Yesterday’s SEC statement on the JPMorgan London Whale affair, along with the related $920m fine, has left few people involved with the matter looking good.
Jamie Dimon, in particular, looks a little dubious. Although Dimon isn’t mentioned by name, the SEC’s report makes more than 100 references to ‘senior management’, with senior management defined as – ‘the JPMorgan Chief Executive Officer, the JPMorgan Chief Financial Officer, the JPMorgan Chief Risk Officer, the JPMorgan Controller, and the JPMorgan General Auditor.’ As the Financial Times points out, Dimon quickly dispensed with three of the five people who were in these senior management positions at the time of the trading loss – the only ‘senior managers’ from that time who remain in place now are himself and Lauren Tyler, then general auditor. Dimon has hung on despite the fact that the SEC accused JPMorgan’s senior management of deliberately depriving its own board of information and the bank of misleading its regulators.
One man does, however, emerge from the London Whale affair looking worthy of pity at the very least. Jason Hughes, product controller in JPMorgan’s chief investment office (CIO), amply illustrates the nightmare of working with arrogant traders.
Hughes hasn’t been apportioned any blame by the SEC and isn’t mentioned by name in its report. However, regulators pointed out that JPMorgan only had one man checking traders’ estimates for their profits and losses in the CIO. That man was Hughes. The Wall Street Journal says that Hughes alone was responsible for checking 132 trading positions, many of them complex derivative positions which were difficult to value.
The Journal says traders took full advantage of Hughes’ workload and middle office status. Hughes reportedly asked trader Julien Grout why he’d started to value his trades more favourably and Grout told him to, “talk to management.” When Hughes asked senior trader Xavier Martin-Artajo about unusual valuations for his trades, Martin-Artajo reportedly told him that he didn’t use generally accepted accounting principles. “I’m a trader. I do not mark the books to U.S. GAAP. My job is to manage risk,” Martin-Artajo said according to an indictment from the U.S. Justice Department.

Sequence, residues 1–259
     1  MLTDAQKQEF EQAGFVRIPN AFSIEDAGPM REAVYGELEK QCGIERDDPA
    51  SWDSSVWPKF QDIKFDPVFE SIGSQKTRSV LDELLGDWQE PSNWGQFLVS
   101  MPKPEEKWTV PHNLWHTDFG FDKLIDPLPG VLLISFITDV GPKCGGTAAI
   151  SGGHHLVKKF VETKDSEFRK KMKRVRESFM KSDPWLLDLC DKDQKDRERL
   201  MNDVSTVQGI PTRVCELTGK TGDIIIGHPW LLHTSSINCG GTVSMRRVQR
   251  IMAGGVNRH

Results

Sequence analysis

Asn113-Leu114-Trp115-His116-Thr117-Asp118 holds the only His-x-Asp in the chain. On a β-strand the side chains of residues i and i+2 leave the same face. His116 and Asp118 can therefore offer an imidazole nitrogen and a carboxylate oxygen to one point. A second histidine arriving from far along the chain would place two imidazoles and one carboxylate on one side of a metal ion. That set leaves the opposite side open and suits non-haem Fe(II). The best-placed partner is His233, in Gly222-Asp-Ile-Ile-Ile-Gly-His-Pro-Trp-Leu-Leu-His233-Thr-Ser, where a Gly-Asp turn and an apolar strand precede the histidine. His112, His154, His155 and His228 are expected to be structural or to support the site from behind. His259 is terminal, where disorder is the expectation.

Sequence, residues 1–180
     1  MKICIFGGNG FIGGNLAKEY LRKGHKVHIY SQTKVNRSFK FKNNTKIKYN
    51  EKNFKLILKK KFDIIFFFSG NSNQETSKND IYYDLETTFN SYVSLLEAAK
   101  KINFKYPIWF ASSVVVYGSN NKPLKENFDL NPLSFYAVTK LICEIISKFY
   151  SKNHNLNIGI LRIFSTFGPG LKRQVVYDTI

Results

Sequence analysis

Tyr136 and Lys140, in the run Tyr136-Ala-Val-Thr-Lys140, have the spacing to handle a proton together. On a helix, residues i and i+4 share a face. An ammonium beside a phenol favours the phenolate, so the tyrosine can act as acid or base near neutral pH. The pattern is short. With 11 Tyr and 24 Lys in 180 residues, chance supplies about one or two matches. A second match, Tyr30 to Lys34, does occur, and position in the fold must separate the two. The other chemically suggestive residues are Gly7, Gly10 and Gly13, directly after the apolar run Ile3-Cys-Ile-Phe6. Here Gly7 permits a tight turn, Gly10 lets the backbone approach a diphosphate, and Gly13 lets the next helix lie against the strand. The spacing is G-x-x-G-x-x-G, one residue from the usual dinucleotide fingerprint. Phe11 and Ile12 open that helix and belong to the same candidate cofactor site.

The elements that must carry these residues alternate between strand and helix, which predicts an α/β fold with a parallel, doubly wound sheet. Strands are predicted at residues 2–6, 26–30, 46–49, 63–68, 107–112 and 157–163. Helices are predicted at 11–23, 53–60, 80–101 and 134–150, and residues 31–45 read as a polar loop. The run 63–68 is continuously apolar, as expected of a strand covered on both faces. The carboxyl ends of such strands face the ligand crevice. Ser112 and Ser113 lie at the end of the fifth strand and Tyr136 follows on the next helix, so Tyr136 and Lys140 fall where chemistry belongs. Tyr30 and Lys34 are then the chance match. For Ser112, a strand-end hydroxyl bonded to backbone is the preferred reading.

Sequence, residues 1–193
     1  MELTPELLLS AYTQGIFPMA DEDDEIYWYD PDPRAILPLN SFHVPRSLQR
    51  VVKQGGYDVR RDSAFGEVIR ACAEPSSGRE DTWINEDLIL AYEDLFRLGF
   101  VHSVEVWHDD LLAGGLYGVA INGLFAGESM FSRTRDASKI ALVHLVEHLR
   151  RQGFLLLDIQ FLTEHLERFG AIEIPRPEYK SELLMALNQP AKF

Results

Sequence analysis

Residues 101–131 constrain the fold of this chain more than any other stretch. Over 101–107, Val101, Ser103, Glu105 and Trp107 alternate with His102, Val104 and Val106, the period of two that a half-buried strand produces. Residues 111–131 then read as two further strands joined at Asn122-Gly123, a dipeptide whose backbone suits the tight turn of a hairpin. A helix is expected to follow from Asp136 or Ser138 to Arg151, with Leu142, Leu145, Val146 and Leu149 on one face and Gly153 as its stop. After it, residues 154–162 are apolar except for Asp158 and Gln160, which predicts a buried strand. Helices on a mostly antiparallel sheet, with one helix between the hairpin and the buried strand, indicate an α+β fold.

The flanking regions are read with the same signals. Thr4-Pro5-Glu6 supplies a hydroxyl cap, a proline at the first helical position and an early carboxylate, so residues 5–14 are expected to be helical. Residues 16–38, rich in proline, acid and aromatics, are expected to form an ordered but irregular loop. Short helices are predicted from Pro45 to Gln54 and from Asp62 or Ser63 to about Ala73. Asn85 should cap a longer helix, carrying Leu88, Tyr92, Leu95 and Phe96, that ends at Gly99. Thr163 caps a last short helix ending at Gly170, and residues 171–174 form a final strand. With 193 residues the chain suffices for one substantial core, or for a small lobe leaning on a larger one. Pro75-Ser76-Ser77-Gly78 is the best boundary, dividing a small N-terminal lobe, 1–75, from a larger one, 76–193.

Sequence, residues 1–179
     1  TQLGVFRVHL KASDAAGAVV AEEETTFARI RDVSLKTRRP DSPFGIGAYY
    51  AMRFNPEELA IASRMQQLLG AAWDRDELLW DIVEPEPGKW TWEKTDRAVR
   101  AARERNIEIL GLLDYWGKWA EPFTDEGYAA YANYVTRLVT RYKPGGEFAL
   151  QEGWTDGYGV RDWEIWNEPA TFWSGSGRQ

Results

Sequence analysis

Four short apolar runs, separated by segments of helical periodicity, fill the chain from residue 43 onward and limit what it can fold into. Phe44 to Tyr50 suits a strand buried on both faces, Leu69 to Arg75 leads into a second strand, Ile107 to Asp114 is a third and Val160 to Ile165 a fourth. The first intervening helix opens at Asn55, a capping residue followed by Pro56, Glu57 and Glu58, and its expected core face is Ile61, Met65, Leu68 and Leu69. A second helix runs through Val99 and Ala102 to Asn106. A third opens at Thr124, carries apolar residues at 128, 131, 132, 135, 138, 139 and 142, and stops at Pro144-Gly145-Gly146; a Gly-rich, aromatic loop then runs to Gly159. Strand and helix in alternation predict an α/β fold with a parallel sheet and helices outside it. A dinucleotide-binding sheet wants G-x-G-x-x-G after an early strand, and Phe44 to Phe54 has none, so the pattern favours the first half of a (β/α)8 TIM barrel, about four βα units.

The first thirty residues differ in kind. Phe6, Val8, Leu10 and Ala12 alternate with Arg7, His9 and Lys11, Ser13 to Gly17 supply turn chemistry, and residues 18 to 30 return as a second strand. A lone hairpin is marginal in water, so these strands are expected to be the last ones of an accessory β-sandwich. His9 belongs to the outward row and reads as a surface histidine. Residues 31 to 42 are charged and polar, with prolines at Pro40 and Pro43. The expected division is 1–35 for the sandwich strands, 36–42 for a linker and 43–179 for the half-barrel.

Jason Hughes’ current whereabouts is unknown (get in touch at email@example.com if you are Jason or know of him). The FCA Register shows one Jason Hughes, who spent four years working for JP Morgan, but who left in 2006 and hasn’t re-registered since.
JPMorgan is trying to make amends for the understaffing in its control division. It’s hired 3,000 people across all control functions so far this year.
Jamie Dimon’s daughter is a far better writer than him. (NYMag)
JPMorgan is the top bank in commodities. (Bloomberg)
Simon Warshaw – a banker who’d spent 27 years with UBS and joined via the graduate programme, is leaving. (Financial News)
Warshaw recently made a lot of money on the Vodafone Verizon deal. (Independent)
Warshaw’s move had been expected ever since Andrea Orcel moved him out of a management role last year. (Financial Times)
37 year old Goldman Sachs managing director arraigned on rape charge. (Bloomberg)
The Bank of England’s supervisor for Standard Chartered has been poached by Standard Chartered. (The Times)
Harvard Business Review’s giant interview with Alex Ferguson. (HBR)
Beware the scarring effects of over-education. (UNC.edu)
“Before you sign on investment banks treat you like a star. Then your job starts and you’re one of many.” (Guardian)